Where do you find inspiration?
All over the place! I love to trawl through mid century design photos, just internalizing all the colours and shapes. I’m always snapping things I like too – colour, shape, texture, packaging, architectural features, I love these shots I took of Portishead’s Art Deco lido.
I love picking my favourite plants and getting involved with really detailed drawings of them that I can then manipulate into my designs. I’m influenced by all kinds of things really from travel in far off places to fantastic exhibitions by favourite artists such as Joan Eardley, David Hockney. I love the coast – the rocks and pebbles and beach-combed treasures are all consuming while I’m there for collecting, drawing, collating, arranging. I think something that inspires and confounds me most is trying to get to the bottom of how our design brains work – what makes me see something and respond to it in such a different way to another artist or maker – always trying to push yourself to be more true to your own vision is in itself an inspiring process.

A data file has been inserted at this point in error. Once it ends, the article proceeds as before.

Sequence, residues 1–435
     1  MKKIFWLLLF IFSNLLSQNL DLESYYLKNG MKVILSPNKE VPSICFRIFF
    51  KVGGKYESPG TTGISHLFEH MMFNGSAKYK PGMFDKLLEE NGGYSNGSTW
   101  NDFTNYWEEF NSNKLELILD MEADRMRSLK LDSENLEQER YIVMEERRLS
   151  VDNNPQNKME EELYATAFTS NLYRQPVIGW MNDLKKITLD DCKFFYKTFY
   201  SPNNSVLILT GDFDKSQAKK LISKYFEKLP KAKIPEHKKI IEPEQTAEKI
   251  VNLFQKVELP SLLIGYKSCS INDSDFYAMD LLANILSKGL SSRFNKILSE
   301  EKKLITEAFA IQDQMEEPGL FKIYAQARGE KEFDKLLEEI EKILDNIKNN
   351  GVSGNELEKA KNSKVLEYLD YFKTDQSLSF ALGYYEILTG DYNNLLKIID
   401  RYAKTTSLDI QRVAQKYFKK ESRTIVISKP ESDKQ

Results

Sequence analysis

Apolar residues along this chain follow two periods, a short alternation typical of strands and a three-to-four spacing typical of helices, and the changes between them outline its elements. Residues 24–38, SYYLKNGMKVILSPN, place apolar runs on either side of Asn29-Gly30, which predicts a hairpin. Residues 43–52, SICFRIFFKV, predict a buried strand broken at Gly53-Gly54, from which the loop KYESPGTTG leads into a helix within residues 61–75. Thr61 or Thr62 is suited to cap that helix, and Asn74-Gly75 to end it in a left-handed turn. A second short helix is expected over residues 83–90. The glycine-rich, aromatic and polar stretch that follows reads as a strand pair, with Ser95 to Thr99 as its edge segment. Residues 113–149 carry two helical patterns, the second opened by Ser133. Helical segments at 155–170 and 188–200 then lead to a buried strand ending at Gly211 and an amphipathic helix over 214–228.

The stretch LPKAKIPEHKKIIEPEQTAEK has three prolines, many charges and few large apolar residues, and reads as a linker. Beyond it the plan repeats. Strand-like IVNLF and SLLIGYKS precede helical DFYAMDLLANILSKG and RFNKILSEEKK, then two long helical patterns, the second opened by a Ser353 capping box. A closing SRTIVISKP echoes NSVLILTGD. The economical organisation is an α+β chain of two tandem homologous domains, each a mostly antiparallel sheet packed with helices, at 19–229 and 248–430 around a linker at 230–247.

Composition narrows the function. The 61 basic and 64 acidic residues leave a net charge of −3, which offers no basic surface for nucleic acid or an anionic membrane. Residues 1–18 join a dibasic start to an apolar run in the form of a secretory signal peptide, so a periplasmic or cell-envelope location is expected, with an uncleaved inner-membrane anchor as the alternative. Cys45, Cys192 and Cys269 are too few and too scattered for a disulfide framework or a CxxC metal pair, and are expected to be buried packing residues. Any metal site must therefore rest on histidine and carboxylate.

Who inspires you? Who are your favourite makers ?artists?
I’m really excited by a lot of contemporary makers just now. I love ceramics by Wenda Vincent, a talented studio mate and ceramicist Katharina Klug, both of whom have an enviably strong handwriting to their work. I love the striking jewellery of Caroline Finlay and Miya Hayes. I was hugely inspired by many of the people I met while on residency in Denmark, in particular New Zealand sculptor Jim Cooper [pic. And on a larger scale, as I mentioned earlier, Joan Eardley is a permanent fave – a Scottish painter from the 1950s, very well known at home in Scotland but perhaps not so much down here. Her vision and relentless dedication to her artwork and the energy and personal interpretation she managed to bring into her landscapes and slum portraits are phenomenal. I’m also really into Peter Randall-Page just now, his sculptures, yes, but mainly his fantastically striking earth-pigment drawings.
Describe your studio or workspace?
At home I draw and illustrate and design in my overgrown garden, [pic] or my overgrown studio-office room, none of it is ergonomic or practical, all of it is messy and full of ‘things’… For my ceramics I have an equally overstuffed studio space at the fantastic Maze Studios in Barton Hill – home to an inspiring community of makers, all producing remarkably different wares and pieces, it’s a great place to be because of the people there and the amount of communal space to work outside of your own little cubby hole. In the picture my desk is full of bisque fired porcelain waiting to be hand illustrated.[pic]
Bee will be with us in Fig for at least3-6months don't miss the opportunity to come and see her stunning work. We figure you'll be sorely tempted to buy some to take home with you !
Posted by Katie Wallis